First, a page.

Summary of Latin America: An End to Boom and Bust?

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A long series of  ups and downs in Latin America’s economies has led to policy reforms that have improved the region’s longer term well-being. But rather than signaling an end to sharp-edged gyrations, these adjustments appear to have better prepared the continent for continued challenges. Drawing on interviews with financial industry leaders, Euromoney journalist Rob Dwyer offers an astute look at the extreme cyclicality that has characterized Latin American economies for many years, as well as the harsh lessons that external debt, currency volatility, geopolitical tensions and populism have taught. Executives, investors and regional analysts will appreciate this broad overview.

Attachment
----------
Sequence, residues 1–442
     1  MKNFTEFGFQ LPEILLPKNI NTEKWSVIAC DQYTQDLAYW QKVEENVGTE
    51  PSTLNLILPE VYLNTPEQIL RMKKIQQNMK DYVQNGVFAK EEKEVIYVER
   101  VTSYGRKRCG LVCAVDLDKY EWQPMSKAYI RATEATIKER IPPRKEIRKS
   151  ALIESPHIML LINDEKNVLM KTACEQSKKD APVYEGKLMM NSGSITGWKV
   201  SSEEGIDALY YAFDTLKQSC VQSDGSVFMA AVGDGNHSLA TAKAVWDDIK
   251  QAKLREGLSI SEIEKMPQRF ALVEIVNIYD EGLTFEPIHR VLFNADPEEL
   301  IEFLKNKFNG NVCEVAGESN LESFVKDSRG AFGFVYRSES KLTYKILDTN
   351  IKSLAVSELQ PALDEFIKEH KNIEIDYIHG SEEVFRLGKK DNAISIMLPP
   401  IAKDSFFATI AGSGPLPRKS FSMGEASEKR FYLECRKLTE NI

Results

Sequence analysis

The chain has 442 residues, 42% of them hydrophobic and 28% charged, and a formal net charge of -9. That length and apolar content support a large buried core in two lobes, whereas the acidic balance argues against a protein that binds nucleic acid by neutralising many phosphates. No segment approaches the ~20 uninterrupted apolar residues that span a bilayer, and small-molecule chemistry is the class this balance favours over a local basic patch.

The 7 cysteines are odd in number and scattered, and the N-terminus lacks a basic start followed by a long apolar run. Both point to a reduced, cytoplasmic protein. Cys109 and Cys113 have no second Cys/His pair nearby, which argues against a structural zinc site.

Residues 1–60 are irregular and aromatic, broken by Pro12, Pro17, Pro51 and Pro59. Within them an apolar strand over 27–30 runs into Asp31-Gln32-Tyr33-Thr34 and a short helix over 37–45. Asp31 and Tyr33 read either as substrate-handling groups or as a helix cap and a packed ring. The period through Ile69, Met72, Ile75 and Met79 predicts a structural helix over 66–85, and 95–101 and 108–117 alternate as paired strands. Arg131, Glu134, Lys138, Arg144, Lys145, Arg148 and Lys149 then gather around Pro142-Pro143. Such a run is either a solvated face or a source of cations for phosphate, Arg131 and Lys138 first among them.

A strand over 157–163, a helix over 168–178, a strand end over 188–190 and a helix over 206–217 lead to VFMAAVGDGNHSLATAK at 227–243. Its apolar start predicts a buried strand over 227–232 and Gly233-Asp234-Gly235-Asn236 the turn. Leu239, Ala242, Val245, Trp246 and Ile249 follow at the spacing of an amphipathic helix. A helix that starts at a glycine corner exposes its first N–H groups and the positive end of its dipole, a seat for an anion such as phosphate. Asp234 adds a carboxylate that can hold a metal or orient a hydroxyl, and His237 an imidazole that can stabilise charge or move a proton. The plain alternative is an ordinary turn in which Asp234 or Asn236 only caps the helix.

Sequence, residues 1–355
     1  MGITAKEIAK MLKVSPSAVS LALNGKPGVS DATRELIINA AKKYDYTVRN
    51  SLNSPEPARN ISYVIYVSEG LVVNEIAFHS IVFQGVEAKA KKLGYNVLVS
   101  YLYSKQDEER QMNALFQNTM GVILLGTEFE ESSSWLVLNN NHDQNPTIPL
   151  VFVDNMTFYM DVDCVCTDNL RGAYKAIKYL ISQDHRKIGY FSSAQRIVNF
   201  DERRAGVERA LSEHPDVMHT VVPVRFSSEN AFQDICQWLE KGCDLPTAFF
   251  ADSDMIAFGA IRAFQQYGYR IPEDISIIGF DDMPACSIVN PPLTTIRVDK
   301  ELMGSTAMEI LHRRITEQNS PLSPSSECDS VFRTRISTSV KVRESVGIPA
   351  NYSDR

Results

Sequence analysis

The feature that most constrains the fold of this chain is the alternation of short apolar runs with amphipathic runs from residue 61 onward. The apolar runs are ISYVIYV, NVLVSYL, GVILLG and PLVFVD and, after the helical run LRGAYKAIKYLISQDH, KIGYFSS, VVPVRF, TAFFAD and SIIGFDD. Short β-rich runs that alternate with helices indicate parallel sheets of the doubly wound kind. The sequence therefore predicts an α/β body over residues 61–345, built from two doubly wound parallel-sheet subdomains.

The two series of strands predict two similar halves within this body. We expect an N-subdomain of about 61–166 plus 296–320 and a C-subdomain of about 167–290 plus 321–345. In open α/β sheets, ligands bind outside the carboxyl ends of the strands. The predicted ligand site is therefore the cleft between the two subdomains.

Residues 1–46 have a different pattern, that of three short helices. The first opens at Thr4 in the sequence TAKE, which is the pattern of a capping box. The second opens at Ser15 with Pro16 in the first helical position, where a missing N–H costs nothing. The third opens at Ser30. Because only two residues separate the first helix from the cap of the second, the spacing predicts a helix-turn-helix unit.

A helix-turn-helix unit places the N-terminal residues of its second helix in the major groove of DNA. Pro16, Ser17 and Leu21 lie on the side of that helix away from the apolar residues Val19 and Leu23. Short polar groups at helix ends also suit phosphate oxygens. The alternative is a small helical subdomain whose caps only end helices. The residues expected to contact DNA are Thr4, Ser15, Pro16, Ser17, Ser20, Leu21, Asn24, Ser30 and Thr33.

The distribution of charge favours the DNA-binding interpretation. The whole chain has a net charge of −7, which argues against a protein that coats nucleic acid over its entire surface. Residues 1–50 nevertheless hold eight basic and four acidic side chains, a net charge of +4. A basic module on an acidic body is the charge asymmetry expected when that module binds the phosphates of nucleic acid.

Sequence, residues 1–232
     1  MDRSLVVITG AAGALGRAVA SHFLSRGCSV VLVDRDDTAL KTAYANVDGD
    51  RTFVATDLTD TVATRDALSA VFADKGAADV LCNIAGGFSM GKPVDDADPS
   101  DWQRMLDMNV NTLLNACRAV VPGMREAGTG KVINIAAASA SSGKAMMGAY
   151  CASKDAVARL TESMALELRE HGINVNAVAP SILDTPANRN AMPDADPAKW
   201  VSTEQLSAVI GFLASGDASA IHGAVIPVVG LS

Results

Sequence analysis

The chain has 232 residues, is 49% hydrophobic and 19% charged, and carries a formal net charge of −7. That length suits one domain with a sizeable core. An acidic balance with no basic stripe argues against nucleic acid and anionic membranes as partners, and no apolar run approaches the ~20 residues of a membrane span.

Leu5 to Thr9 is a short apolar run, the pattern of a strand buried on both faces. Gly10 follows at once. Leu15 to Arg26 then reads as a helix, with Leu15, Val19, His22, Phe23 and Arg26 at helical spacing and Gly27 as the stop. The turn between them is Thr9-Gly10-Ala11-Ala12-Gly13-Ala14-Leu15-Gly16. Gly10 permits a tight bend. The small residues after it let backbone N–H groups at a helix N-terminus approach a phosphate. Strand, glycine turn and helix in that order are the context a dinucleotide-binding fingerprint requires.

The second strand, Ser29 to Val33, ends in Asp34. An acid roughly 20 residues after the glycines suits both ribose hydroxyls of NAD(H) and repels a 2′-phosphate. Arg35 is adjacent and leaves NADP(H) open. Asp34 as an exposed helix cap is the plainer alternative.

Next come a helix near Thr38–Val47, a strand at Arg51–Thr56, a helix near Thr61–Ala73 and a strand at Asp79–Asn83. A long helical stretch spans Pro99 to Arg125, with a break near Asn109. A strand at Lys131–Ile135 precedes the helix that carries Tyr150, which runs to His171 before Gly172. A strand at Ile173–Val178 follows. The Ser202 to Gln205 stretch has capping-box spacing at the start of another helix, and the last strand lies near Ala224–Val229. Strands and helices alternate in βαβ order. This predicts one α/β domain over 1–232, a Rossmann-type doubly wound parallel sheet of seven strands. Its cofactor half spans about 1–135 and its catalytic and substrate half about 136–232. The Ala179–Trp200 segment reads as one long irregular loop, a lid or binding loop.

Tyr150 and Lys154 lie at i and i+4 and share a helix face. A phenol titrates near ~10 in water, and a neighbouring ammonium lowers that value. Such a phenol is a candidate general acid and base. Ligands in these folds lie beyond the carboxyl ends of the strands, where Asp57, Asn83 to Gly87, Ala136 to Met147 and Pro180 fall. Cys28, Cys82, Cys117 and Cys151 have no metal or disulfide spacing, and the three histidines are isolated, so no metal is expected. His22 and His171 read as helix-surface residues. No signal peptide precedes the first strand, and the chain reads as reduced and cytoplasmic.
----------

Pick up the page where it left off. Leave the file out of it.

About the Author

Rob Dwyer is Latin America editor for Euromoney.

 

Summary

Latin America’s economic history has been volatile. Excessive debt lay at the core of many of its past crises. A surfeit of petrodollars in the 1970s caused banks to lend to excess, with disastrous results. The confluence of increased debt service and a steep US interest rate hike placed many of the indebted nations of the region in a bind in the 1980s: Countries failed to meet their obligations, and inflation spiked. An oil and commodities boom led producing countries to engage in profligate fiscal behavior. 

Since then, economic...


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